Kim Jong Un supervised North Korea missile launch, state media says
By Ralph Ellis CNN
(CNN) -- North Korean leader Kim Jong Un supervised the country's ballistic missile launches Monday, according to state news agency KCNA.
The report called the test a drill of the army's Hwasong artillery units, part of a strategic force "tasked to strike the bases of the US imperialist aggressor forces in Japan in contingency."
World leaders quickly condemned North Korea's action.
White House press secretary Sean Spicer said, "The launches are consistent with North Korea's long history of provocative behavior. The United States stand with our allies in the face of this very serious threat.
"The Trump administration is taking steps to enhance our ability to defend against North Korea's ballistic missiles, such as through the deployment of a THAAD battery to South Korea."
Japanese Prime Minister Shinzo Abe told reporters he and President Donald Trump talked by phone about 8 a.m. Tuesday local time (6 p.m. ET Monday) and agreed the missile launches were "a clear violation of UN Security Council resolutions" and a threat to the international community.
The UN Security Council is scheduled to discuss North Korea in closed consultations at 10 a.m. Wednesday morning. A planned Syria meeting was moved to 3 p.m.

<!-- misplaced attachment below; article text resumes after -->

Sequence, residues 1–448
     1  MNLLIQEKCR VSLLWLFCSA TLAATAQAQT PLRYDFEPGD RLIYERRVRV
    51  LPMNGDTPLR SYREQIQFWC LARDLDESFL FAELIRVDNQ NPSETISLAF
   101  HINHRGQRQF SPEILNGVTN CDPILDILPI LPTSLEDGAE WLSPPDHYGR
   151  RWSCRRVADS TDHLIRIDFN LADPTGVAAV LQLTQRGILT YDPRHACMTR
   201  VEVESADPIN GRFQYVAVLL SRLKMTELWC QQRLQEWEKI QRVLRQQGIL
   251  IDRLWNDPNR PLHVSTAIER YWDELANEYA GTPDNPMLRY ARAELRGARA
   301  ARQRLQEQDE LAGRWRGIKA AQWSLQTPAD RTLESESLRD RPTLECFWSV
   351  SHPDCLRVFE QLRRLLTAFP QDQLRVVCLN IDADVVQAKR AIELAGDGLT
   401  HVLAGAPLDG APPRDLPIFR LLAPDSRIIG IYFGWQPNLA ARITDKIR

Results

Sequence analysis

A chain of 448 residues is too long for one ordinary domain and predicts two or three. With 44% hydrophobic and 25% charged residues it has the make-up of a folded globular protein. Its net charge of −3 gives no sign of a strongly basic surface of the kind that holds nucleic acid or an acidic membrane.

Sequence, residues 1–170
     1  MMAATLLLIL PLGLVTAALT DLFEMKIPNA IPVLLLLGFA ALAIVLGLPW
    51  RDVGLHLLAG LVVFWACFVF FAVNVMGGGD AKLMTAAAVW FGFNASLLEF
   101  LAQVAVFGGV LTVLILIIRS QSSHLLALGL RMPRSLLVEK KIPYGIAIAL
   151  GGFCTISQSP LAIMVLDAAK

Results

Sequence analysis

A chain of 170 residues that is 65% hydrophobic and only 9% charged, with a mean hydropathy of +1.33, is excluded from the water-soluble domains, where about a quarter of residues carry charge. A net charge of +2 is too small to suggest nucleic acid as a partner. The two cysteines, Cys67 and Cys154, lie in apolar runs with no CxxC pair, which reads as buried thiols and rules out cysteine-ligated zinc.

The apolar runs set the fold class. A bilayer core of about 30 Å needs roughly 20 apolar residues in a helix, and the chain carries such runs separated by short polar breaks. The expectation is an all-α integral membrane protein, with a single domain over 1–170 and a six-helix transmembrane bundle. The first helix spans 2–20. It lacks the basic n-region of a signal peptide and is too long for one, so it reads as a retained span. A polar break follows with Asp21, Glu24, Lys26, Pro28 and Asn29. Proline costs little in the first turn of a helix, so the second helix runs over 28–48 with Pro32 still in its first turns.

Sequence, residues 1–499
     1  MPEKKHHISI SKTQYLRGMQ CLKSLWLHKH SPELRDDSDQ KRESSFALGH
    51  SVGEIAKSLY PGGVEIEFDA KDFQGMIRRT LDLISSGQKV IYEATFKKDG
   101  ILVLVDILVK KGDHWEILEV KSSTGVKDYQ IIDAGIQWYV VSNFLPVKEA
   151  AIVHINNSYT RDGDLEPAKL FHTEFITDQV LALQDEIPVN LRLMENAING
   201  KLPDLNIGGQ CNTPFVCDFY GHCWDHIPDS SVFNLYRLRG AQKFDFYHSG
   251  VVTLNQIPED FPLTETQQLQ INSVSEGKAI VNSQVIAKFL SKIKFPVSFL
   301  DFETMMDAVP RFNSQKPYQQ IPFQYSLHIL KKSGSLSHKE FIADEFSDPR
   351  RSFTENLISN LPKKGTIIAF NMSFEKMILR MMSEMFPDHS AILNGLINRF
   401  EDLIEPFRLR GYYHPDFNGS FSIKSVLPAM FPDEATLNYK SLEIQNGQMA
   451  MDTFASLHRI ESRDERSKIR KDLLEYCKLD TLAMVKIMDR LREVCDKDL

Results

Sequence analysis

Secretary-General António Guterres condemned the missile launch and said, "Such actions violate Security Council resolutions and seriously undermine regional peace and stability."
Military authorities in South Korea, Japan and the United States confirmed the launch of four projectiles, which traveled almost 1,000 kilometers (620 miles) toward the Sea of Japan, also known as the East Sea. One US official said they were intermediate-range missiles.
Abe said three landed inside Japan's exclusive economic zone, which extends 200 nautical miles from its coastline, according to international maritime law.
This isn't the first time North Korea has launched multiple missiles over this distance.
In September 2016, North Korea launched three ballistic missiles about 1,000 kilometers to land in Japan's Air Defense Identification Zone, provoking a strong response.
CNN's Will Ripley and Junko Ogura in Tokyo, Lonzo Cook in Atlanta, Richard Roth in New York and Zahra Ullah in Hong Kong contributed to this report.
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